Firstly, what happens if you are forced to take a thermal that is weaker than your MacCready setting? Well, your average speed plummets. What your MacCready ring doesn't tell you is that your average speed dips only slightly if you fly 5 mph too slowly to a good climb, but takes a battering if you fly 5 mph too fast to a weak climb. Secondly, although you may feel very content having flown at a 2 m/s MacCready setting into a 2 m/s climb, what if the next climb afterwards is 4 m/s? Unfortunately, you are forced to climb in the first 2 m/s thermal to gain back all that height you've burnt off. Even though you might now be sure that you can see a 4 m/s climb ahead, you are forced to climb in 2 m/s to gain the height to reach the next climb!
If you fly at more cautious MacCready settings, you can sample more thermals before you're forced to stop for one, so your chances of finding the unusually strong climb are also higher.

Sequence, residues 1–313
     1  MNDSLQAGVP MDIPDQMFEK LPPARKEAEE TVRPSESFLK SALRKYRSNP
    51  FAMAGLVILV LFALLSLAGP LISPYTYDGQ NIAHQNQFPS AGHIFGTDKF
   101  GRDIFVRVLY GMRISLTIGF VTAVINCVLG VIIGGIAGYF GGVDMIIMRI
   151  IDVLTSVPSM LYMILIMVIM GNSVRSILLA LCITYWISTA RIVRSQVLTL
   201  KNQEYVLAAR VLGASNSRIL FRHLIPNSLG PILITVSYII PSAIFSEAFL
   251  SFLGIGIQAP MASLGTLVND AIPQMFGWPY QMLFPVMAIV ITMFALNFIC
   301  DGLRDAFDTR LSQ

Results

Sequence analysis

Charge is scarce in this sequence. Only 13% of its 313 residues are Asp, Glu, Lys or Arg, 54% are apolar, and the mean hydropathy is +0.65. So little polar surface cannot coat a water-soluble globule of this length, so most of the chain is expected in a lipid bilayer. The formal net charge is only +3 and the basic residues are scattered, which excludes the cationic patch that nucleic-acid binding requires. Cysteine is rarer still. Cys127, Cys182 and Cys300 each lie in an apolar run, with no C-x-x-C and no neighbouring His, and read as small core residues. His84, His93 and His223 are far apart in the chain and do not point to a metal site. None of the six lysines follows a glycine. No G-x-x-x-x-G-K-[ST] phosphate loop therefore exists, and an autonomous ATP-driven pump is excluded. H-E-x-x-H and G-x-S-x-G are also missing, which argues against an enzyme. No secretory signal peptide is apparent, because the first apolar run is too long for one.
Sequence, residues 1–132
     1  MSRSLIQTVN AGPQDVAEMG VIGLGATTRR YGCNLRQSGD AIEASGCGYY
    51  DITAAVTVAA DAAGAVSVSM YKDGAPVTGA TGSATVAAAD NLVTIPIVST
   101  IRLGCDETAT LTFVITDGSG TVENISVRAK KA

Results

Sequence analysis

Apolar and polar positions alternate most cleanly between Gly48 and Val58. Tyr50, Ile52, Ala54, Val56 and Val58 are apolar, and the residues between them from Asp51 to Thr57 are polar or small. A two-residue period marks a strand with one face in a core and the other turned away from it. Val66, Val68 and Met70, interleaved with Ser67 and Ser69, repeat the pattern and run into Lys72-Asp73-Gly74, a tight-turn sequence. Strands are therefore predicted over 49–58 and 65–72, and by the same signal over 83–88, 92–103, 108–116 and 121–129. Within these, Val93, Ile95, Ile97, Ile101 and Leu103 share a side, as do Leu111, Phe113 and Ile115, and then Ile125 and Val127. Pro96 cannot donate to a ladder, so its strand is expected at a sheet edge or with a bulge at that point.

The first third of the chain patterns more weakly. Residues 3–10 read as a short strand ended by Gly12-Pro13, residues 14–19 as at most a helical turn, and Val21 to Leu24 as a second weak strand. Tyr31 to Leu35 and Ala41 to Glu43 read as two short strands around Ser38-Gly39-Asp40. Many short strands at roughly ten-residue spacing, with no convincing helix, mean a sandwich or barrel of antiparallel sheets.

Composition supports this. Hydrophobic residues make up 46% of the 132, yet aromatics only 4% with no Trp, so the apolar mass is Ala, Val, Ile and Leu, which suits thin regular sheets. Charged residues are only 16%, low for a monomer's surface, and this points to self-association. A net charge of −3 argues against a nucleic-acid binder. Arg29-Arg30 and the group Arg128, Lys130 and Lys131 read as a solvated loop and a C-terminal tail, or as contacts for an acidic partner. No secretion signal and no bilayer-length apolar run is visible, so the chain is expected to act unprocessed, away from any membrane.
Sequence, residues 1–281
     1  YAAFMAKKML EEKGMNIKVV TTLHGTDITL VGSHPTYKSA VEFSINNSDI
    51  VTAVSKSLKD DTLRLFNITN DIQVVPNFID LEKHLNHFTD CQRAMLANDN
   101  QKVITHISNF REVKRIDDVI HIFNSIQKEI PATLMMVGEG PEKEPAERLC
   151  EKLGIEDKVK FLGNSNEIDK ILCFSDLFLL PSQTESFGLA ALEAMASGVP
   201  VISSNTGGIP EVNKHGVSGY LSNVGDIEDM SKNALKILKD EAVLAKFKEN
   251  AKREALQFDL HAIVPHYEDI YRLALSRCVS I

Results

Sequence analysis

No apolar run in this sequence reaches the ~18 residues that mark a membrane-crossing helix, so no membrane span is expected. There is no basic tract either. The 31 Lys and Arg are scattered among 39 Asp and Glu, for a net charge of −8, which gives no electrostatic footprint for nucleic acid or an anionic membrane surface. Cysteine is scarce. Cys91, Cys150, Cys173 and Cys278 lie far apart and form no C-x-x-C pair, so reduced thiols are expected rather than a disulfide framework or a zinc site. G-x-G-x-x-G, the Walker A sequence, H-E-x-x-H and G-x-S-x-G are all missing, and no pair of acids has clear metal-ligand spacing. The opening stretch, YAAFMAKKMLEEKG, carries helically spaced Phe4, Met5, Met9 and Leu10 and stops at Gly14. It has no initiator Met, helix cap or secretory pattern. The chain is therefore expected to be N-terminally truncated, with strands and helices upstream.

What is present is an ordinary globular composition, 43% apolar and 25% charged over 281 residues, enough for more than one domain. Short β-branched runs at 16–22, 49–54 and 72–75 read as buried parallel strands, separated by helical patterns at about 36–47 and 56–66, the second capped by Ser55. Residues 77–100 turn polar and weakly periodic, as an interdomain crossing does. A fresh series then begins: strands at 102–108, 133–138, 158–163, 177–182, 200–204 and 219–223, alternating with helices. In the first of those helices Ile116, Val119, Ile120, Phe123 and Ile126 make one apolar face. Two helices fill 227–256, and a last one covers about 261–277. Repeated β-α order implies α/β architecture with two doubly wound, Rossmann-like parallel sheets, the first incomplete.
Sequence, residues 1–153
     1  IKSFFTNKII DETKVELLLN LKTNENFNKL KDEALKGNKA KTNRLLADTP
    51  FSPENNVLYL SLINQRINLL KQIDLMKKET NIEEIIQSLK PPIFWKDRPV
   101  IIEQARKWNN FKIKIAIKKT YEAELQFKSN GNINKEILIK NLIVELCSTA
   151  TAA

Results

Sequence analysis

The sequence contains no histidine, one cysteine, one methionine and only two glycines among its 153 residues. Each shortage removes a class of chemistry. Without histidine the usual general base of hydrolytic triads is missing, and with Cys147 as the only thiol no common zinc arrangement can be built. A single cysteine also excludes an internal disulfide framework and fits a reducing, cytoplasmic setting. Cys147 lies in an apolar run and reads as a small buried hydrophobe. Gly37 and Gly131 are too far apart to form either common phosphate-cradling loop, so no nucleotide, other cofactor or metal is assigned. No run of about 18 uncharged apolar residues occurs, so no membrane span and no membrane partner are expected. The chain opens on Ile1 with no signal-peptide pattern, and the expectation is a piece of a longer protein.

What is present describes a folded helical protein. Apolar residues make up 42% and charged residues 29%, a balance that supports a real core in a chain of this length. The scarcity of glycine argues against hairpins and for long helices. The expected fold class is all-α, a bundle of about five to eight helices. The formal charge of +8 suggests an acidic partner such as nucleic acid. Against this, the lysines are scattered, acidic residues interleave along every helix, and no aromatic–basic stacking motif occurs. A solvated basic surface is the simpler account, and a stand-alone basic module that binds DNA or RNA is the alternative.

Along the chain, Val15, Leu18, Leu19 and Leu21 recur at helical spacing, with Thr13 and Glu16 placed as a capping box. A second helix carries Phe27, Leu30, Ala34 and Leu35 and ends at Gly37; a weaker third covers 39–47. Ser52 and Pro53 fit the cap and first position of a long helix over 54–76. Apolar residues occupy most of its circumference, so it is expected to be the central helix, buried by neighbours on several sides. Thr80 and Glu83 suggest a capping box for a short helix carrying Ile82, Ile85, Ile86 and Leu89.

How fast should I fly?
Where does this leave us? Well, although MacCready theory isn't perfect, we can adapt it easily to create a solid basis for choosing our speed to fly. A good working rule that I often use is simply this: I look at the sky ahead, think what thermal strength I would be prepared to stop and climb in, halve it and that's my MacCready setting. Easy! I am gearing my speed to my expected climb rate while flying slowly enough to sample more thermals. This greater selection means I can cherry pick the best ones.
That's the theory, but how do I apply this in practice? As I'm climbing in a thermal I'll have a target cruise speed in mind for when I leave. Say I'm flying a Laminar ST on a typical XC day with 2 m/s climbs, let's say my target speed is 35 mph. However, it's horribly inefficient to accelerate in sink, so pull in the bar as you roll out of the thermal and dive to your target cruise speed.